Provolone cheese, hot peppers and brown mustard on a bulky roll, please
A slovenly truck driver strolled into the deli, as was his usual on Thursdays, around 12:30pm. Grim and dignified, he took his place at the back of a line to the lunch counter. The portly gentleman working the slicer, confabulating the sandwiches, generating conversation with the customers, spotted the blue step van outside the shop. His first thought was, "I'm going to duck out back and let Bezo take over. Then I can grab a taxi to Logan, pick up a change of clothes and luggage and set out for the Caribbean."
Lenny (his name was not Lenny at all, but rather, Ignatius. He borrowed Lenny from his maternal uncle, a priest at St. Agatha's.) sighed, resigned to his fate to eventually serve this bristly and sometimes scary customer. Poor Bezo was scared shitless of him, and made the sign of the cross every time he was mentioned. The last time he'd asked his slack-jawed brother-in-law to serve the blue step van driver, he'd noisily soiled himself and ran in hilarious fashion to the john.
OK, he steeled himself for the inevitable, wishing against hope that this were any day but Thursday, knowing the futility of wishing, hoping, longing, existing, recounting, pretty much anything... he steeled and titaniumed himself, girded his loins, took up legs, crossed the Delaware... in fact, his demeanor would have made General George Patton proud, seeing this naturalized citizen son of immigrants of unspecified ethnic origins...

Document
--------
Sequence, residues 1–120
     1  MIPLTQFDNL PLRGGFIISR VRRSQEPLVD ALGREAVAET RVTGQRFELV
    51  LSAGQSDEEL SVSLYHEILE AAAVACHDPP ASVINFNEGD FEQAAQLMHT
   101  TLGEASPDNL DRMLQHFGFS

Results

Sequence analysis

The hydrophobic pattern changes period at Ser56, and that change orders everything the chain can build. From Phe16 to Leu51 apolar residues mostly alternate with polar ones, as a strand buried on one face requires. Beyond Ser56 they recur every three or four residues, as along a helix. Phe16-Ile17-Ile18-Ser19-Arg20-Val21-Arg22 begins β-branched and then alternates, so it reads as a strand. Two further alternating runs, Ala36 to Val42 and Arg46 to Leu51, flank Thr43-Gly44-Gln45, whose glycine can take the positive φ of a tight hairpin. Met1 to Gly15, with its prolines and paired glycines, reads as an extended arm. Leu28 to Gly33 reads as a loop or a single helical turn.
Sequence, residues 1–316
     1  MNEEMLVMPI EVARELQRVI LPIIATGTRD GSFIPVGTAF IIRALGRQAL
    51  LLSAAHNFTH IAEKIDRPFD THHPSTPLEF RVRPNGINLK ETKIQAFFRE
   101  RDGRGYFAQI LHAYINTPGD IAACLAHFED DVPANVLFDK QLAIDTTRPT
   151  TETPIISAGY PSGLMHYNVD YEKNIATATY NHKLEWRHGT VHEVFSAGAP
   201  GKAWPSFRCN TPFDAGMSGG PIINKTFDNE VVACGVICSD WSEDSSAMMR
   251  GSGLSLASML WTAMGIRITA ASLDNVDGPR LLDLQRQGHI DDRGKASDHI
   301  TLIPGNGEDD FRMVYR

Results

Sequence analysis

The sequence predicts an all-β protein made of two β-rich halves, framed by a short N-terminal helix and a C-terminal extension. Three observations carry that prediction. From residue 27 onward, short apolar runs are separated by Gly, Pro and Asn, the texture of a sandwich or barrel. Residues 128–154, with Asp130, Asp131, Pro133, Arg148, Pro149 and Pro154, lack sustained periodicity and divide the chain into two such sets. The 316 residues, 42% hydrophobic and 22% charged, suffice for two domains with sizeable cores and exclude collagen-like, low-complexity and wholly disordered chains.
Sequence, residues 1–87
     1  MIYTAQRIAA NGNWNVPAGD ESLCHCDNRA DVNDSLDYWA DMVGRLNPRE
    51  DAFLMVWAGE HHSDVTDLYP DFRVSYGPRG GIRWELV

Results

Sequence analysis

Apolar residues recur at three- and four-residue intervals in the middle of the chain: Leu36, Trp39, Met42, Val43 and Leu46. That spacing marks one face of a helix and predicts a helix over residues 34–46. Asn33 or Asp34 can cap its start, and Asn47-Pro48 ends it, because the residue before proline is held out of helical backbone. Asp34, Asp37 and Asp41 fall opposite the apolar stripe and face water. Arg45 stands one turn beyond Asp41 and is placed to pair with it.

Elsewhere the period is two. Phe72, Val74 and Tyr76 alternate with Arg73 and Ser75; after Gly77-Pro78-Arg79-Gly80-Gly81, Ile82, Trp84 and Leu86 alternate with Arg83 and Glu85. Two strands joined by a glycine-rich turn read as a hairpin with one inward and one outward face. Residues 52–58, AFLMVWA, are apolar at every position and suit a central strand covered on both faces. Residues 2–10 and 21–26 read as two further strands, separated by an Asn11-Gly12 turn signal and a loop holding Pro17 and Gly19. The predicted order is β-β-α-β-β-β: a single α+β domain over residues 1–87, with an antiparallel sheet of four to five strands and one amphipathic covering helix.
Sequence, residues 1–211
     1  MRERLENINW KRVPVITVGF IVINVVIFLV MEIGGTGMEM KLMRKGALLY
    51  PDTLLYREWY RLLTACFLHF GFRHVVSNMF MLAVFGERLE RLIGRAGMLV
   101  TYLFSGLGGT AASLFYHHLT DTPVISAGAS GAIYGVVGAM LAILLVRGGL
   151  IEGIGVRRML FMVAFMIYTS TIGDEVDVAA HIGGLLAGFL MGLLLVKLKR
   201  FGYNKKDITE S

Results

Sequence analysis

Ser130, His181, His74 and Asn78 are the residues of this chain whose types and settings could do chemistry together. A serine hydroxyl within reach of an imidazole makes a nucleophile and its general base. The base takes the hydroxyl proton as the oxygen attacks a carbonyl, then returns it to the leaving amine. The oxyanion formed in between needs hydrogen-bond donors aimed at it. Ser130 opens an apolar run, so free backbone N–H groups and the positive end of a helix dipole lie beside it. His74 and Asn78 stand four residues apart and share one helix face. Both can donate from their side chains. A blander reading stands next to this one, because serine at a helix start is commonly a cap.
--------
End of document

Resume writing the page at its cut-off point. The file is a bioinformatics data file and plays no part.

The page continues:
The line trickled forward, carrying it's payload of terror in the form of a demon. His fellow passengers were oblivious of the potential danger they faced, were the driver to become displeased. There were terrible rumors, stories about an automobile repair shop. Maniacal shrieking and tearing sounds, drifting into the late nights, every time a blue step van parked in the owner's spot.
Today, the truck driver was wearing a tie-dyed jeans, a brown spinnet jacket with ivory collar and gibbous noukemole, purple cowboy hat and matching boots, a gas mask and pearl earrings from Aldo's. He raised an eyebrow, jerked a thumb in the direction of the cheeses in the cold case and muttered in his hoarse crackling voice, "Provolone."
Lenny replied, haltingly, "On a bulky?", to which the demon-spawned raised his thumb, then croaked back, "Brown mustard and hots". The grimacing, grunting deli owner and billboard enthusiast deftly assembled a hulking mass of dairy product, bread, seasoning and pickled hot pepperocinis into the masterwork of the day. The sandwich wrapped, no leaking contents showing in the deli wrapping, the most evil of customers was satisfied, paid and walked out to his waiting truck, his familiar in this, the plane of human existence.
|The cheese sandwich series|